CREDIT: CBS NEWS/SCREENSHOT
Crude oil is pouring into a river that supplies drinking water and approximately 1,000 people have been evacuated from their homes due to an oil train derailment and explosion in southern West Virginia on Monday, according to media reports.
The train, owned by CSX Corp., was carrying more than 100 tankers of crude oil from the Bakken shale in North Dakota when it derailed at about 1:30 p.m., the L.A. Times reported. Officials estimated that approximately 14 of those tankers were involved in the derailment and subsequent fire, which as of 9 p.m. was still raging. Gov. Earl Ray Tomblin declared a state of emergency at around 5:40 p.m.
One home has so far been confirmed destroyed, and at least one person has been sent to the hospital for inhaling smoke. CSX put out a statement Monday night saying it would provide hotel rooms for displaced residents.
Concerns have also been raised about the potential contamination of local water-treatment facilities, after officials noted that at least one of the derailed tanker cars fell into the Kanawha River. The area is about 30 miles from the location where 10,000 gallons of a coal industry chemical called crude MCHM spilled and tainted the drinking water supply a little over one year ago.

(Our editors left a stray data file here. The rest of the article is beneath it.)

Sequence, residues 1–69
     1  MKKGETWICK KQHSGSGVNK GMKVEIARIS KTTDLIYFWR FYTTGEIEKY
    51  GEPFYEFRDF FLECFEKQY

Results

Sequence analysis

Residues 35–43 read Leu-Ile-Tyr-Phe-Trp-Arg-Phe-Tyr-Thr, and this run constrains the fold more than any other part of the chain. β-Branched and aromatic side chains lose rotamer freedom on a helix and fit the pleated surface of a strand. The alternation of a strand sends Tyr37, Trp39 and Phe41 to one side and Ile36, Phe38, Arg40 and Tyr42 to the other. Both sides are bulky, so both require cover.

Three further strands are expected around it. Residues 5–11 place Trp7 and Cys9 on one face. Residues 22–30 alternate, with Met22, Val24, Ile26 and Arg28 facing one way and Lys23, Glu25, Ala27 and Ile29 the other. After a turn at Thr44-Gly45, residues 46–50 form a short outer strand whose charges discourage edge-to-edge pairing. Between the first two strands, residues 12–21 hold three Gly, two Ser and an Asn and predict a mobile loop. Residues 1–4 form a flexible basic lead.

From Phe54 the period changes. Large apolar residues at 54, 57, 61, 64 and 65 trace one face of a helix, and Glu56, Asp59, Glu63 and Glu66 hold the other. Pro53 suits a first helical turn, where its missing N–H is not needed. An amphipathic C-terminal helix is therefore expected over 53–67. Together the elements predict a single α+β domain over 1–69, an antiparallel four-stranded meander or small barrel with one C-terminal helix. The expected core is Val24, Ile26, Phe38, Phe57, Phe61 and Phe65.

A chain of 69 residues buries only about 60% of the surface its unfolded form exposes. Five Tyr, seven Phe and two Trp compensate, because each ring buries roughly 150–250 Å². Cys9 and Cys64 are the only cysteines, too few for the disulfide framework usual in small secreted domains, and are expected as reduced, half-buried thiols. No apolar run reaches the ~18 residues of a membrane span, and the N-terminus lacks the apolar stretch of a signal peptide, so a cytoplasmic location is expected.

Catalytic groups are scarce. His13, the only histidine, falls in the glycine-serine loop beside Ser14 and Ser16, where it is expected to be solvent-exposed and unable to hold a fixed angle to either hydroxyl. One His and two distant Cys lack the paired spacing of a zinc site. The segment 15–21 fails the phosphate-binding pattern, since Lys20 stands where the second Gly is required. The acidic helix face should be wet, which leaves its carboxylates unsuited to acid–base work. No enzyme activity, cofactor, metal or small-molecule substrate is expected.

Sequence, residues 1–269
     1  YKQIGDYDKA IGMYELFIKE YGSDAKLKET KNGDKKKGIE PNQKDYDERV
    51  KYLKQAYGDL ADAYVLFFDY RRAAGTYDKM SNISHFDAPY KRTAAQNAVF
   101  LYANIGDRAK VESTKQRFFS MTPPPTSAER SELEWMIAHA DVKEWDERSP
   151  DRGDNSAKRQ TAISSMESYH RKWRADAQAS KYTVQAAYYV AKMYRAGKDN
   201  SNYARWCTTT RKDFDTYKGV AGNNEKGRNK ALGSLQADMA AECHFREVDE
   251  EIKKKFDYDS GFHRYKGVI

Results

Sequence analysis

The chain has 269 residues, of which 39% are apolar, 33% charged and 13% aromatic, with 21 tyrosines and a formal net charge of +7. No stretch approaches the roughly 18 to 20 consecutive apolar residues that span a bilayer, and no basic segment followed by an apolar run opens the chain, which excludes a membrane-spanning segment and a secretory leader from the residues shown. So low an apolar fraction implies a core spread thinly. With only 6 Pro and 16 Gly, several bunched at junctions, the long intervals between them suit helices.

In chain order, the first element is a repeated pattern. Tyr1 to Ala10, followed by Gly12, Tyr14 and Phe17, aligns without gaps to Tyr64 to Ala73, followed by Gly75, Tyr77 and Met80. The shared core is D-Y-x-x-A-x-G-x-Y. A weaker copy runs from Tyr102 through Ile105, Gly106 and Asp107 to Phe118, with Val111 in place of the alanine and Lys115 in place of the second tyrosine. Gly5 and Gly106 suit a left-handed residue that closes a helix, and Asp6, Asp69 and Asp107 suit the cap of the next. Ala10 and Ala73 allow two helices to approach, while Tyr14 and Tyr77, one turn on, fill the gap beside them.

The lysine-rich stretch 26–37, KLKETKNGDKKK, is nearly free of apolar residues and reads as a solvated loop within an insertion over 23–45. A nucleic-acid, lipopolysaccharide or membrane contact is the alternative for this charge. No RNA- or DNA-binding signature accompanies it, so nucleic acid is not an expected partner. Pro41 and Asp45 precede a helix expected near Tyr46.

Response efforts have so far been hampered by heavy snow. The area has been under a winter storm warning, according to the Associated Press, and is expected to get anywhere from 5 to 10 inches of snow tonight.
The derailment in West Virginia was the second major oil train mishap this weekend. Late Saturday night, a train carrying Bakken crude oil derailed in northern Ontario, Canada, spilling oil and causing a fire. In that incident, 29 of the 100 cars on the train went off the track near Timmins, Ontario. An “unknown amount” of oil was spilled.
Some research has suggested that Bakken shale crude oil is more prone to catching fire and exploding than other types of crude. According to the Wall Street Journal, it’s the most explosive type compared to oil from 86 other locations worldwide, and The Pipeline and Hazardous Materials Safety Administration (PHMSA) has confirmed that it can catch fire at lower temperatures than heavier oil.
Allegations were raised about the volatility of Bakken shale light crude oil after a number of high-profile train derailments and subsequent explosions, most famously including the deadly Lac-Mégantic, Canada disaster, which killed 47 people. Officials at PHMSA have speculated that the oil’s explosive nature could be because of the particular properties of the oil, or the added chemicals from fracking, the primary technique used to extract it in North Dakota.
Though much of the political discussion over fossil fuels has recently focused on Canadian tar sands oil and a certain proposed pipeline that would carry it, it’s worth noting that Bakken shale oil is primarily shipped by rail. Indeed, up to 90 percent of the North Dakota’s oil was expected to be shipped by rail, rather than pipeline, in 2014.
The U.S. Transportation Department is currently considering whether to implement tougher safety regulations for rail shipments of crude oil.